Khirbet Qeiyafa included in Israeli government’s “Greatest Finds” list

Two prominent archaeologists have released a list of the greatest archaeological finds in Israel over the last 25 years. This list was created on behalf of Israel’s Ministry of Foreign Affairs. Looking it over, it is actually a list of sites rather than artifacts.

This list includes Khirbet Qeiyafa, where I have volunteered the past three summers. Other sites on the list include Hazor, Tel Dan, Tel es-Safi (Gath), and Herodium (location of Herod the Great’s tomb).

Why is Khirbet Qeiyafa on the list? Some scholars insist ancient Israel had no national king or centralized government until the Divided Kingdom period, roughly 3/4 of a century after David’s biblical reignUnder this theory David would have been just a regional chieftain, incapable of commanding the resources to construct a powerful border fortress miles away under the aggressive eye of the Philistines. Khirbet Qeiyafa challenges these assumptions. It dates to the period of David’s reign. It was a planned, powerfully fortified city, well beyond the resources of the local inhabitants to construct. Only a centralized power (i.e. – a government) would have had the money, men, and materials to construct this kind of distant fortress while defending the work area from Philistine attacks. From a biblical perspective, Khirbet Qeiyafa affirms the existence of a central government in Judah in David’s time. (Compare with 2 Samuel 2:1 – 7.)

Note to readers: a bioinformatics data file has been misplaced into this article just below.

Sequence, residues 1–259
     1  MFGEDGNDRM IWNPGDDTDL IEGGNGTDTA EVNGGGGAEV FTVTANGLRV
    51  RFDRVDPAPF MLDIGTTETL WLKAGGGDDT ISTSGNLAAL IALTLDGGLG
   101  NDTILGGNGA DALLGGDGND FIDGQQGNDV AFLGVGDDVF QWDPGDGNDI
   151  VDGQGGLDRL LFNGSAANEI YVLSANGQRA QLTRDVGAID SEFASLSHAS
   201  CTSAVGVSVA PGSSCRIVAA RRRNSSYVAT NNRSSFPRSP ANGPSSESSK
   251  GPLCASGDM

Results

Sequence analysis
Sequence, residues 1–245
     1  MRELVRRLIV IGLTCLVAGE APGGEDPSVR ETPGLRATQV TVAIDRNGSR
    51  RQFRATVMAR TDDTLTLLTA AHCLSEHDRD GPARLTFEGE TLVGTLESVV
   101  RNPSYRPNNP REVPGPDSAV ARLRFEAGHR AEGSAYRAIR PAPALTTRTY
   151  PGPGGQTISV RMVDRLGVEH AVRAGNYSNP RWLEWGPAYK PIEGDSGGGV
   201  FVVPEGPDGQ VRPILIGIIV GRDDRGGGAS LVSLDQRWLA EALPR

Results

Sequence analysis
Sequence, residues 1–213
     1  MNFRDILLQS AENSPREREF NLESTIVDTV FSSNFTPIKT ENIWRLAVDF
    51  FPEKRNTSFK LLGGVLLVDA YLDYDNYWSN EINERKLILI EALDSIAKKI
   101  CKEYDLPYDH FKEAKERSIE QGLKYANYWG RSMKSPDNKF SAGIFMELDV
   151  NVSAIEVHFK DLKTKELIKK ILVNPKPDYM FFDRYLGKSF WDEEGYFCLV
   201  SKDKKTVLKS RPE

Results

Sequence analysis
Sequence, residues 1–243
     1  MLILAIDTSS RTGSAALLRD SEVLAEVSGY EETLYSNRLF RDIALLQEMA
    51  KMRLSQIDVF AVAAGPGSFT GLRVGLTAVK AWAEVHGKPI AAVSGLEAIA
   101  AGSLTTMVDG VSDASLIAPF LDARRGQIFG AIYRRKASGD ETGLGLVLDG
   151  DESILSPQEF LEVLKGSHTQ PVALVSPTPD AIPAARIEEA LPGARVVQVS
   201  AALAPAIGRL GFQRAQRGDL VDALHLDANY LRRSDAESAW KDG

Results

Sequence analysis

HT: Ferrell Jenkins

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About LukeChandler

Luke holds an M.A. in Ancient and Classical History and has been an adjunct professor at Florida College in Temple Terrace, Florida. Luke and his wife Melanie have five children. He serves as a minister in English and Spanish with the North Terrace Church of Christ and participates annually in archaeological excavations in Israel. Luke also leads tours to Europe and the Bible Lands.
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